Detainee Washington testified that she heard Detention Aide Hudson become upset, raise her voice, ask Eilman why she was spreading her blood on the cell and tell her that she would have to clean the blood up herself. (Pl. 56.1 Resp. ¶ 171; Def. 56.1 Reply ¶ 258. ) Despite the blood, Detention Aides Hudson and Quinn left Hawkins in the cell with Eilman, where she continued to protest. (Def. 56.1 Reply ¶¶ 308, 309.) Eilman did not say a word nearly the entire time that Hawkins was in the cell with her; rather, she attempted to use sign language and bobbed her head. (Def. 56.1 Reply ¶¶ 306, 307.)

When detainee Range arrived at the Second District she heard a young woman with long blond hair screaming that she wanted to go to the hospital. (Def. 56.1 Resp. ¶¶ 279, 280, 283.) On May 14, 2006, in a signed statement to Detectives from the CPD's Internal Affairs Division, Range identified the screaming individual as Eilman. (Pl. 56.1 Resp. ¶ 255.) She also stated that Detention Aides Hudson, Quinn and Officer Williams were all present in the lock-up when she was detained with Eilman. (Def. 56.1 Reply ¶ 284.) Range recalled hearing Eilman screaming from her cell that her chest was hurting and that she wanted to go to the hospital. (Def. 56.1 Reply ¶ 285.) Range then heard Detention Aide Hudson say to Officer Williams, "[t]hat white girl is still acting crazy back there and now she wants to go to the emergency room," and Officer Williams respond, "[a]in't nothing wrong with her and she ain't going to the hospital and if she keeps on screaming we are going to send her crazy ass to the crazy hospital, that's where the fuck she is going." (Def. 56.1 Reply ¶¶ 285, 286.) Range stated that Eilman continued to scream for a sanitary pad so Detention Aide Hudson gave one to her to give to Eilman. (Def. 56.1 Reply ¶ 287.) A few minutes later, Range heard Eilman's cell mate, who she could not identify, screaming that Eilman was acting crazy, wiping her bloody pad on the walls and bars of the cell and taping the pad to the wall of the cell. (Def. 56.1 Reply ¶ 288.) Range stated that Detention Aides Hudson and Quinn walked back to Eilman's cell and stated, "[y]ou crazy white bitch, you nasty bitch get that nasty shit off my walls." (Def. 56.1 Reply ¶ 289.) After the bloody pad incident, Eilman continued to scream that she was having heart trouble. (Def. 56.1 Reply ¶ 291.)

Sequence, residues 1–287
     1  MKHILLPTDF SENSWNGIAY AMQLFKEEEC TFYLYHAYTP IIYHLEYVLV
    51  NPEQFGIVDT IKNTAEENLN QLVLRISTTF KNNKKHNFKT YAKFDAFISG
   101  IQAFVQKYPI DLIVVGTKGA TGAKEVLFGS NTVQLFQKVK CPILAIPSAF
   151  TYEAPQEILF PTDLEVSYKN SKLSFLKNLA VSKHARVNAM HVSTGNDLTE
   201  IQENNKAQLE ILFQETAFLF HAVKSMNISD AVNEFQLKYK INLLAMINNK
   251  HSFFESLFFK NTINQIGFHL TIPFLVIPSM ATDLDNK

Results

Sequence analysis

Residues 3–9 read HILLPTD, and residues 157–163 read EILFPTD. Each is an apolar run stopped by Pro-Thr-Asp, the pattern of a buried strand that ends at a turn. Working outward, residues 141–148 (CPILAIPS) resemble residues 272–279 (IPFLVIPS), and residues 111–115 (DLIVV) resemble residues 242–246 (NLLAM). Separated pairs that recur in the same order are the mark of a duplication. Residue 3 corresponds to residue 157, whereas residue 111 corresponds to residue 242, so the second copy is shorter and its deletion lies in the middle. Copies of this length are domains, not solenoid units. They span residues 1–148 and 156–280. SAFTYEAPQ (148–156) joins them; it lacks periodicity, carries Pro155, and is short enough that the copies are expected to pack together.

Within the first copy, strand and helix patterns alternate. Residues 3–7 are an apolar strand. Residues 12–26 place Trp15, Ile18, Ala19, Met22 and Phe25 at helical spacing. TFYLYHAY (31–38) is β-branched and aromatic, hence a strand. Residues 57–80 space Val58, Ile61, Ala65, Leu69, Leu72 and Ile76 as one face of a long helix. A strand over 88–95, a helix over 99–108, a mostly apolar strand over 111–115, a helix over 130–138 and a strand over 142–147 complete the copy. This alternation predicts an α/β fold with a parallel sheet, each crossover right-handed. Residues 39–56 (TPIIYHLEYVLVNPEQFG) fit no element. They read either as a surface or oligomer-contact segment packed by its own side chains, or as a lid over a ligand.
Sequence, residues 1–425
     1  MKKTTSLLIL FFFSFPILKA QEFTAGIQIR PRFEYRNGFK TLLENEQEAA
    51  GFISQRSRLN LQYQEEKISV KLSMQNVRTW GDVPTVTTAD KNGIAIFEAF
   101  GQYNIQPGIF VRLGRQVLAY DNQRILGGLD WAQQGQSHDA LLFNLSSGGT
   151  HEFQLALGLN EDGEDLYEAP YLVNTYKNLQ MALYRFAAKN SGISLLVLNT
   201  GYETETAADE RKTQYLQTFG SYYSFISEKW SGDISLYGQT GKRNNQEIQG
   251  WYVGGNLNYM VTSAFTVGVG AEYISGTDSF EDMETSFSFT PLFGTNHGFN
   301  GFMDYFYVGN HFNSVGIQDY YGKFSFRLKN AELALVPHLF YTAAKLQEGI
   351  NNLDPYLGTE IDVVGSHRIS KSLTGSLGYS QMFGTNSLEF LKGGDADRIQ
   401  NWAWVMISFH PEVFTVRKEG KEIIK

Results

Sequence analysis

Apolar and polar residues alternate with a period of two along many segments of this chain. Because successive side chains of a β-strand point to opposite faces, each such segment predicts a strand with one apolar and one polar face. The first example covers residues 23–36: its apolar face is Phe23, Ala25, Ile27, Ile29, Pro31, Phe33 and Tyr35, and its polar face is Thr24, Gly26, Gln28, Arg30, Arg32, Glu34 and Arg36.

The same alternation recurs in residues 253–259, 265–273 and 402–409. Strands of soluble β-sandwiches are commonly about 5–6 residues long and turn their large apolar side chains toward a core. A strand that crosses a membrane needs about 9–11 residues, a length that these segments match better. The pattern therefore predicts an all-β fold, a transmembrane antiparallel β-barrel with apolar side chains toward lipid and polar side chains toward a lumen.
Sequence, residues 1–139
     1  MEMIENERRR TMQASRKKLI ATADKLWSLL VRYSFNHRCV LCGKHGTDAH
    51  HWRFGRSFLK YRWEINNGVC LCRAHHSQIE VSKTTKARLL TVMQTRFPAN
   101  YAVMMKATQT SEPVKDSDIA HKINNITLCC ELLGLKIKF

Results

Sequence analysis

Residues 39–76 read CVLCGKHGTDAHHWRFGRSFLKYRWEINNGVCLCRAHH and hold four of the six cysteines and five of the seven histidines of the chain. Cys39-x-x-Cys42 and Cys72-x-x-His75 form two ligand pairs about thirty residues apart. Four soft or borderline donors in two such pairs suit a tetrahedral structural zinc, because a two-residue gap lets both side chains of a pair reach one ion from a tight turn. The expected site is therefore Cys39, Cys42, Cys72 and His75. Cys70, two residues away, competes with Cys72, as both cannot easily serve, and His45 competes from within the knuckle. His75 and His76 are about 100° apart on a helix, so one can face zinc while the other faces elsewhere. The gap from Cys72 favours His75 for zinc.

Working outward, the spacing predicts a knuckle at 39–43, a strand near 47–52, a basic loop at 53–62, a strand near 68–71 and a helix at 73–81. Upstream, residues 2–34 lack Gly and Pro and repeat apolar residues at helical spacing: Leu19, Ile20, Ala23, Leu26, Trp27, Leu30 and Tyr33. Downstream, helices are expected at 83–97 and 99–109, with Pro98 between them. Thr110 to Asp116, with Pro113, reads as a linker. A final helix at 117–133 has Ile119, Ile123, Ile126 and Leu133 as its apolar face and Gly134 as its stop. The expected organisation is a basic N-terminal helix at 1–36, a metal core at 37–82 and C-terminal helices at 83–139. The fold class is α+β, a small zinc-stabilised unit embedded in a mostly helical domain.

In contrast to her IAD statement, during her deposition Range stated that she did not know who the individual was that was screaming, she could not identify any police personnel that were working the lock-up while she was there, and when she got to her cell she went to sleep and did not notice anything else about the woman who she had previously heard screaming. (Pl. 56.1 Resp. ¶ ¶ 255, 256, 257.)